Roberts begins with the pre-historical beginnings of human beings in various parts of the world, based on archaeological evidence. He then explores of civilisation in various parts of the world (Mesopotamia, Egypt, China, India - all the places civilisation arose largely independently of each other). From there, Roberts traces the advances of civilisation through the Classical Mediterranean period, the post-Roman imperial time, the period of European expansion around the world, the period of world wars, and the modern post-war period. Within these broad divisions, Roberts introduces the history of other parts of the world -- the Islamic civilisation, more advanced the post-Roman lands, is not seen as a mere afterthought or addendum to the 'real' action in Europe; Roberts also traces historical development in China, India, and Japan as major centres of civilisation.
The majority of the text does centre upon the European stage and their expansion around the world, as this historical strand (for better or worse) is still the dominant influence around the world today. More than half the text deals with the past 300-400 years, in which European hegemony politically, militarily, and culturally took hold. Roberts keeps speculation and judgement to a minimum for the most part, reporting the facts of European growth and the response in the various lands around the world.
In my opinion, the primary piece lacking here are New World (western hemisphere) civilisations prior to the colonial conquests. While it is true that the influence of Native American cultures does not have tremendous impact upon the world stage today, it is also true that the civilisations of the Incans, Aztecs, Mayans and others were at least as interesting and advanced as various Sumerian and Egyptian ancient civilisations, even if they lack the historical continuity to today's world.
Roberts does add the occasional 'colour commentary' to his analysis. For example, in discussing the Lutheran Reformation, he mentions that Luther replaced the idea of eucharistic transubstantiation (the idea that the bread and wine become the body and blood of Christ) 'with a view which is even more difficult to grasp'. Roberts' biases are definitely Eurocentric and toward a progressive, humanist view of history's path. However, there can be no total objectivity in any historical presentation, and Roberts keeps his biases in check for the most part.
There are nearly 100 maps, and hundreds of images and graphics, including many full-colour plates. These are photographs of places, artifacts, paintings, and other images of importance serving to highlight the text. There is a worthwhile index. The text lacks recommendations for further readings, which is a drawback, given the survey nature of the text. However, it is one of the better single-volume histories of the world available today, particularly for those who are looking for broad historical trends leading to the present day.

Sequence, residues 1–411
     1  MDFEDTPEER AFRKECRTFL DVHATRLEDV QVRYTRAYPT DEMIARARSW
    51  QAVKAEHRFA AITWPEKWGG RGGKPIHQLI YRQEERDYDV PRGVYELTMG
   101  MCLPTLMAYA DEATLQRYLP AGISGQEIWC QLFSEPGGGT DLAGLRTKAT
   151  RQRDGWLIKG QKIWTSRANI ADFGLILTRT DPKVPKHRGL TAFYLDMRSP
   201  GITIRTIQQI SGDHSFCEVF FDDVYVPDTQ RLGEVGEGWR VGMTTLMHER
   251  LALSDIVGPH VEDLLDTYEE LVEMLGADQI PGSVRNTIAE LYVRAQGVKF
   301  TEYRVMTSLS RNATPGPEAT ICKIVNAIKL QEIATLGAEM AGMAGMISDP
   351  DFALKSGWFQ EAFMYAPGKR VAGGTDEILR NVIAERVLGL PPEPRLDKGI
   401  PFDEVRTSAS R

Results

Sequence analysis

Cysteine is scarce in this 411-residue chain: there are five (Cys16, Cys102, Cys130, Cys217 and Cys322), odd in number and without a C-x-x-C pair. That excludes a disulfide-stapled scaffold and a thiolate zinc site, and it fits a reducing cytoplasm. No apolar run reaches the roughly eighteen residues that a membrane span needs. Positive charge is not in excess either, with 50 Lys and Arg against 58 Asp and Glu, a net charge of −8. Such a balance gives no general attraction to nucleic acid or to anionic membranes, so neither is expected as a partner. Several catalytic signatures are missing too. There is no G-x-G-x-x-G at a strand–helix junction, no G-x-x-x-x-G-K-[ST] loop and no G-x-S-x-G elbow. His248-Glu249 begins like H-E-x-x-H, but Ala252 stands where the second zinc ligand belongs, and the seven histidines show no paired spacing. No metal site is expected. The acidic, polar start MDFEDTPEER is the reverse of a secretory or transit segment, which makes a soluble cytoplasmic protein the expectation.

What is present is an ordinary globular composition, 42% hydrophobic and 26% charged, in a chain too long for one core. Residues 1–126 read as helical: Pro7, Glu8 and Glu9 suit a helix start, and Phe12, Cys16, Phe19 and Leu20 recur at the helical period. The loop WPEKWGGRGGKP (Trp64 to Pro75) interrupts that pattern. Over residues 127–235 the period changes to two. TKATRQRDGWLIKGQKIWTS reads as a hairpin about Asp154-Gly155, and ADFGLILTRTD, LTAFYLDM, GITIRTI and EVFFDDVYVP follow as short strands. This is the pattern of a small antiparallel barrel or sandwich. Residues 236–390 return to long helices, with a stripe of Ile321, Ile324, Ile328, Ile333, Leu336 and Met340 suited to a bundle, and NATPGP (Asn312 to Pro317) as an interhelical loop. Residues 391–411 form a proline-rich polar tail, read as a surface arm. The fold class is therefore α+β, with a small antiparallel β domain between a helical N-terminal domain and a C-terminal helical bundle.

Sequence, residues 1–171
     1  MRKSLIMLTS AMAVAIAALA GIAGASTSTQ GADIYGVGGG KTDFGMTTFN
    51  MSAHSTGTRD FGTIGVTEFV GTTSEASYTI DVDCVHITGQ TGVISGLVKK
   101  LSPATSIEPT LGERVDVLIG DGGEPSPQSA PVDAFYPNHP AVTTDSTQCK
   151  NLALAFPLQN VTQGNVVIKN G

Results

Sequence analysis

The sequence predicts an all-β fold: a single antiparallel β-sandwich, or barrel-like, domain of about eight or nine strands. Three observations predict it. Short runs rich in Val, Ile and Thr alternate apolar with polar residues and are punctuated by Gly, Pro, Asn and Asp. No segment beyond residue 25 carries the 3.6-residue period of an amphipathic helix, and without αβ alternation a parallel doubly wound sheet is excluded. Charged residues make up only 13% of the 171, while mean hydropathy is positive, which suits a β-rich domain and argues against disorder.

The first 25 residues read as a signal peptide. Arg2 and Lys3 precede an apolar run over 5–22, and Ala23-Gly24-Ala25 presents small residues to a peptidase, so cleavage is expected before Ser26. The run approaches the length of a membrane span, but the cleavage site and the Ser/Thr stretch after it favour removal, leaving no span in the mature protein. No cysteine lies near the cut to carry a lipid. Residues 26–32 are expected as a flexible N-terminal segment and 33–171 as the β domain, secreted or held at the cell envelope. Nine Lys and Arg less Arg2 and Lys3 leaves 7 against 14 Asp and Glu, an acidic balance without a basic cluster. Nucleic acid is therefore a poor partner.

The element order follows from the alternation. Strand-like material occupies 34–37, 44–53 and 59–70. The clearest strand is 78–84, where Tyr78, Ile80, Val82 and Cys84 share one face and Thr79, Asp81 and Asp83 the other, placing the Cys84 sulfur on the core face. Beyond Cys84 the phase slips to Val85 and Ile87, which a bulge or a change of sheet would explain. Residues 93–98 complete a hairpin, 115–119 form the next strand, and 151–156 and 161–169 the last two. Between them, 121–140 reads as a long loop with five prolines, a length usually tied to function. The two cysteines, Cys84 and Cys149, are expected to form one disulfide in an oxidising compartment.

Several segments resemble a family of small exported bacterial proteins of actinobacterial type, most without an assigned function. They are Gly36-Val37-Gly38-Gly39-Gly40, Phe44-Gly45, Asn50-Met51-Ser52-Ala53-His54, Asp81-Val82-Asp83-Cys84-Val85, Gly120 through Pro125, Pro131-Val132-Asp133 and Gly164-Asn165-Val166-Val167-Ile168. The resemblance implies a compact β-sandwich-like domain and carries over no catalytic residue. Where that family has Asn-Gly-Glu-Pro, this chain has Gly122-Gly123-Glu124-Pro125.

Help other customers find the most helpful reviews 
Was this review helpful to you? Yes No


7 of 8 people found the following review helpful
5.0 out of 5 stars A good book but too advanced for beginners., 5 Mar 2000
By A Customer
This review is from: The Penguin History of the World (Paperback)
I got this book in order to have a general knowledge of history, but I had to quit near the midst (I changed to "History of World Civilizations" -Prentice Hall- and did well ). The author tries to be very objective and is bold in its approach, demystifying some current historical conclusions when necessary. The book lacks photographs and is in black and white (like a novel), it features some maps. A good book to improve your knowledge of world history but not to start with (a high-school level , which I didn't have, is enough though). It exists in Audiobook unabridged too (an older edition, Blackstone Audio Books, Inc.). This review is about the third edition.
Help other customers find the most helpful reviews 
Was this review helpful to you? Yes No


5 of 6 people found the following review helpful
5.0 out of 5 stars Astounding !, 14 Dec 1999
By 
This review is from: The Penguin History of the World (Paperback)
The most extraordinary trip I have ever taken - a totally breaktaking account of World history awaits the new reader. Thank you Mr. Roberts for this wonderful experience !
Help other customers find the most helpful reviews 
Was this review helpful to you? Yes No


Most Helpful First | Newest First

This product

The Penguin History of the World
The Penguin History of the World by J. M. Roberts (Paperback - 5 Jan 1995)
Used & New from: 0.01
Add to wishlist See buying options
Only search this product's reviews